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Hermassi S.,University of Sfax | Chelly M.S.,University of Sfax | Chelly M.S.,Manouba University | Tabka Z.,University of Sfax | And 3 more authors.
Journal of Strength and Conditioning Research | Year: 2011

Hermassi, S, Chelly,MS, Tabka,Z, Shephard, RJ, andChamari, K. Effects of 8-week in-season upper and lower limb heavy resistance training on the peak power, throwing velocity, and sprint performance of elite male handball players. J Strength Cond Res 25(9): 2424-2433, 2011-The aims of this study were to test the potential of in-season heavy upper and lower limb strength training to enhance peak power output (W peak), vertical jump, and h ndball related field performance in elite male handball players who were apparently already well trained, and to assess any adverse effects on sprint velocity. Twentyfour competitors were divided randomly between a heavy resistance (HR) group (age 2060.7 years) and a control group (C; age 20 ± 0.1 years). Resistance training sessions were performed twice a week for 8 weeks. Performance was assessed before and after conditioning. Peak power (W peak) was determined by cycle ergometer; vertical squat jump (SJ) and countermovement jump (CMJ); video analyses assessed velocities during the first step (V 1S), the first 5 m (V 5m), and between 25 and 30 m (V peak) of a 30-m sprint. Upper limb bench press and pull-over exercises and lower limb back halfsquats were performed to 1-repetition maximum (1RM). Upperlimb, leg, and thigh muscle volumes and mean thigh crossse ctional area (CSA) were assessed by anthropometry. W peak (W) for both limbs (p < 0.001), vertical jump height (p < 0.01 for both SJ and CMJ), 1RM (p,0.001 for both upper and lower limbs) and sprint velocities (p < 0.01 for V 1S and V 5m; p < 0.001 for V peak) improved in the HR group. Upper body, leg, and thigh muscle volumes and thigh CSA also increased significantly after stre gth training. We conclude that in-season biweekly heavy back half-squat, pull-over, and bench-press exercises can be commended to elite male handball players as improving many m asures of handball-related performance without adverse effects upon speed of movement. © 2011 National Strength and Conditioning Association.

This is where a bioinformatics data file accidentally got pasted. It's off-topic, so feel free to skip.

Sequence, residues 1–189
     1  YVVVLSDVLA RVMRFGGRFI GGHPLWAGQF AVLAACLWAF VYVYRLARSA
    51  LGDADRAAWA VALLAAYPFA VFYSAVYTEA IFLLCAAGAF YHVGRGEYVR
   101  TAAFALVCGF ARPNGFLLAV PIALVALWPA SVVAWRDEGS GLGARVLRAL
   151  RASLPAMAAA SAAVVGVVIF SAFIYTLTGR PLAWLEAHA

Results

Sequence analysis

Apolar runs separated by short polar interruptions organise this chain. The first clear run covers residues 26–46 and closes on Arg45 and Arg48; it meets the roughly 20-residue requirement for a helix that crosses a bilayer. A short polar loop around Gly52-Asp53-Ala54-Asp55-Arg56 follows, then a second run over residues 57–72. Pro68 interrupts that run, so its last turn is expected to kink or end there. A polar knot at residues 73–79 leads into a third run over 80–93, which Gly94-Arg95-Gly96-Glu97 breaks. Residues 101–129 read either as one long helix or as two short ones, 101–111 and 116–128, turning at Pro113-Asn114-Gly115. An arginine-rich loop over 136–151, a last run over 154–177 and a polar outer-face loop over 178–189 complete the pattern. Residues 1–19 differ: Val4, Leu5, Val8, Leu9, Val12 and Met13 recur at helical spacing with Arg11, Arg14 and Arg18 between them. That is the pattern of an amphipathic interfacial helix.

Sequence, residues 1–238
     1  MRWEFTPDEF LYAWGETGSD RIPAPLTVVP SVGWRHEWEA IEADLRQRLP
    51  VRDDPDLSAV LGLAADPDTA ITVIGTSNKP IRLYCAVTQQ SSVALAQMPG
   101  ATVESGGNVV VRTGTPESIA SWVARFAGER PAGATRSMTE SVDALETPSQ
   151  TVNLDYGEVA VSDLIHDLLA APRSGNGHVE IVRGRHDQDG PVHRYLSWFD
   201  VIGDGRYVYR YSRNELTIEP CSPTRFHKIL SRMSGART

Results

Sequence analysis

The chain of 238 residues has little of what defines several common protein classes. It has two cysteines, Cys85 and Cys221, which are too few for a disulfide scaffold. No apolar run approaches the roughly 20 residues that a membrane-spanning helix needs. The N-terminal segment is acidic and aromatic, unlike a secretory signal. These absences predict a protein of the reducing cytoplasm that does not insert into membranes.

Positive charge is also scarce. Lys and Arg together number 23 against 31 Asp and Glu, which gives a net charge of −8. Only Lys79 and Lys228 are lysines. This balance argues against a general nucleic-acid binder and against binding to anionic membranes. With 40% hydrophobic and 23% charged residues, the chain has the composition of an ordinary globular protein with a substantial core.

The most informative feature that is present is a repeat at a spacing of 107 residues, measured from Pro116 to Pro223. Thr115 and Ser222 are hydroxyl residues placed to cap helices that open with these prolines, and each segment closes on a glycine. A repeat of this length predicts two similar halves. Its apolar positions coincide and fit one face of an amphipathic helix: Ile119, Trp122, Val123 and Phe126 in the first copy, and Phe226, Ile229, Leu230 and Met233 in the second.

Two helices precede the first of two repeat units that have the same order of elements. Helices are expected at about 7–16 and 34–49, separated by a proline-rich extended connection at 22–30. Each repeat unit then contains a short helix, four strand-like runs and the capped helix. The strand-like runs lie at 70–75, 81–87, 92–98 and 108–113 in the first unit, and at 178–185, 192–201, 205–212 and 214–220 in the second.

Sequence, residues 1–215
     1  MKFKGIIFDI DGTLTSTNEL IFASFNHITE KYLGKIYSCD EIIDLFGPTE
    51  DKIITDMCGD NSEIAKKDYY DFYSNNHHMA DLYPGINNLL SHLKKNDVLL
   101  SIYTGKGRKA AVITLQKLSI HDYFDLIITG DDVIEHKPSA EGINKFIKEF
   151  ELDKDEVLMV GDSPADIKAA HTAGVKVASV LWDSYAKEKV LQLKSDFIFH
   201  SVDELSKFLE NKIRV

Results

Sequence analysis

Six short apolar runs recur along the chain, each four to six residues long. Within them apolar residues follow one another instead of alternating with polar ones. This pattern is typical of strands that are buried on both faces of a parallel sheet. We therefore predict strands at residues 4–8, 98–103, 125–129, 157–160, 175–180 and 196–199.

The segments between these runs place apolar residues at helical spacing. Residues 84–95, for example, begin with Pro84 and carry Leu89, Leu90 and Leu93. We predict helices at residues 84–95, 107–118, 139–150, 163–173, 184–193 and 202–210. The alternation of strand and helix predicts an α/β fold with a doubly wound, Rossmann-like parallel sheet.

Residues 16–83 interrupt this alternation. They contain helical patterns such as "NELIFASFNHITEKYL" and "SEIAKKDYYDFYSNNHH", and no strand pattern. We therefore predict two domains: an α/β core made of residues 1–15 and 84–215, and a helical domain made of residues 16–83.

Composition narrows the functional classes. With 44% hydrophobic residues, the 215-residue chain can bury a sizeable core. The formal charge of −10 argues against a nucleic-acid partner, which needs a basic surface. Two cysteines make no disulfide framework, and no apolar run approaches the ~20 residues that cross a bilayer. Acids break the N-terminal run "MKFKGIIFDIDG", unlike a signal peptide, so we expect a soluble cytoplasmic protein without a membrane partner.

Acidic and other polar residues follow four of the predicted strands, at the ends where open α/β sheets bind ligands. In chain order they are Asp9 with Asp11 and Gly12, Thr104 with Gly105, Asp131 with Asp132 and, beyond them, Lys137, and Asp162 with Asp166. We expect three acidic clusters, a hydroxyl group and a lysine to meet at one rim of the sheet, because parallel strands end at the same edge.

Souissi N.,Research Laboratory Sports Performance Optimization | Souissi N.,Manouba University | Chtourou H.,Research Laboratory Sports Performance Optimization | Chtourou H.,University of Sfax | And 5 more authors.
Journal of Strength and Conditioning Research | Year: 2013